I say, politics must make a part of the ing their Sinecures and lucrative places, sermon ; the distress of the suffering Ger- which, rather than part with, they premans must be pointed out ; then the cause ferred reducing the nation to what it now of the distress, which is the war.Here is. However those two unmanly spirits I could wish to make a very long pause, are, by the aid of some divines, (Bishops as I cannot help thinking, that there are I suppose) happily laid for a limited period. bundreds of thousands of suffering English Not in the Red Sea, where the old wo-, and Irish in the United Kingdom, who men's spirits are usually laid, but in the have a much greater claim upon the hu- snuff-box of a Minister of State. But: manity and honor of the nation, than the why, in the name of fortune, should there suffering Germans.-- I deny that the be so much sympathy for the suffering Gerinans have any claim upon the gratitude Germans, and so little feeling for the sufof the nation, as a nalion. But I will al-fering English? I have heard of no Tavern low, that they have a claim upon many speeches, proposing a general opening of thousands of individuals in the nation, now church pulpils, (this severe winter) for the living. They have a claim upon the whole benefit of the many, many thousands of body of the alarmists, at the head of whoin our own suffering poor, who have actually, stood that political apostate Pilt; that bitter wanted bread. I know but of one church scourge to Britain and to civil liberty. They in the City of London, the pulpit of which have a clainr upon the life and fortune gen- has been devoted to so laudable a purpose ; tlemen. They have a claim upon the Corporale and, to the honor of the Rector be it Budies. · They have a claiin upon the Role spoken, (whose heart is abundantly blest ten Boroughs, who have bound themselves, with the milk of human kindness and fellow by their signatures to their addresses ; and feeling,) it was that of the church of St. they have a claim upon Government Con- Ann, Blackfriars.--Tue same gentleman, Tractors of every description. All these I understand, proposes, from the best of compose what may properly be called the motives, though he has not taken into conwar-faction. These are the men, the sideration the extent of the injury, to devery men, upon whom the suffering Ger- vote the same pulpit for the Benefit of the mans have a claim. They have been the suffering Germans.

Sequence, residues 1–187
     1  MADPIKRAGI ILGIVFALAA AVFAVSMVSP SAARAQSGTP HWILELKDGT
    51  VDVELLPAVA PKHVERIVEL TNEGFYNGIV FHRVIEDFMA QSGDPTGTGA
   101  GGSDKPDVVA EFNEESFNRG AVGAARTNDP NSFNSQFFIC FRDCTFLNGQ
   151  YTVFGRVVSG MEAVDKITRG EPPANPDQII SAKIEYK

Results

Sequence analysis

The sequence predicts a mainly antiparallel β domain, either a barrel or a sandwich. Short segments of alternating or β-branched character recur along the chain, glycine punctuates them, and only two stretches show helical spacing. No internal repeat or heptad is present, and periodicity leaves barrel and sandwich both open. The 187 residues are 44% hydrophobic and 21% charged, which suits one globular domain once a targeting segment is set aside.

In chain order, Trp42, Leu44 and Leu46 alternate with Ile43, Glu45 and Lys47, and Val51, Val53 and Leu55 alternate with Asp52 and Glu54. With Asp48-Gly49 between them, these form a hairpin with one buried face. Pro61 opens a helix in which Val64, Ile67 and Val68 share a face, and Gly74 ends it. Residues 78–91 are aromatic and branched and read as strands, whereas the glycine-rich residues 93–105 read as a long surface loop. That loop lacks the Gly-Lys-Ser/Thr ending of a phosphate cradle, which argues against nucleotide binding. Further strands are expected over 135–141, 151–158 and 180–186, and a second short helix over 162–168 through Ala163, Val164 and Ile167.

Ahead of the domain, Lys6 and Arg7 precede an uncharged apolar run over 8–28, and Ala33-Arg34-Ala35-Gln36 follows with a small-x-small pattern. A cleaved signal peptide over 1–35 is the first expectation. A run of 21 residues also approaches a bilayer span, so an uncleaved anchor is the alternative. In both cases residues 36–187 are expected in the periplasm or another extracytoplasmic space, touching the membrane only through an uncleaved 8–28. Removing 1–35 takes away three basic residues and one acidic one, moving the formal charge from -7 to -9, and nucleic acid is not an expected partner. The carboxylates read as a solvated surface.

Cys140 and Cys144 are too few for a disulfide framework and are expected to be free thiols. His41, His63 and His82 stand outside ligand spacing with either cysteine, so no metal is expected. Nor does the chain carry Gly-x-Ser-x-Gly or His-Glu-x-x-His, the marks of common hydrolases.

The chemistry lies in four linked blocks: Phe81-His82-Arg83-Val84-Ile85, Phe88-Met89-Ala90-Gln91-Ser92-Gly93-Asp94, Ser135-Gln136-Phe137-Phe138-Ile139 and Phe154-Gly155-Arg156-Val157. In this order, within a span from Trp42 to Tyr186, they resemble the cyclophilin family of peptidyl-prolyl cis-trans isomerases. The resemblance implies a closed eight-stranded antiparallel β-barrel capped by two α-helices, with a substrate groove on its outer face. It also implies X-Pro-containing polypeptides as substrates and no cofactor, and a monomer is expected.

It should be recause, the only cause of the war It is un- membered, however, that the Germans just to say that the suffering Germans have have been fighting, - nol for us, but for a claim upon the nation. -- -Take the na- themselves. They have been fighting tion at large, eighteen out of twenty, were their own battles, in which, as a nationi, against going to war with the French, be- we are not interested. It is true, our good cause they chose to make an alteration in souls have given to the respective sovereigns their Government. The very best friends of Germany, who have caused their troops the nation then had, and still have, were to take the field, many millions of pounds. entirely against the war, and are so to this in hard cash, by way of subsidy ;-and it is hour. Had their advice been attended to, equally true, if there is any comfort in the Britain, in point of circumstances, would information, that our children, and, great, have been just the reverse of what she now great grand children, will have to toil and is, and Germany in a state of tranquillity. labour for nioney to pay the interest of the It is true, the friends of the country wished many millions of hard guineas which have a reform, and I humbly hope they will one so pleasingly filled the coffers of the Gerday obtain it. It is ceriain the real friend man princes. Therefore, it is to their respecof his country did not desire a relormation tive sovereigns, that the suffering Germans before it was greally wanted. It is equally ought to look for assistance. Their princes certain, it was not a revolution he looked have received the British guineas, and their for. The alarmists, to gain their point, princes are in duty bound to attend to the instantly let loose their favourite Hobgob- wants of their suffering subjects. If I. lins, Fear and Dread, twisted, and dress had a few dollars to spare (as for guineas ed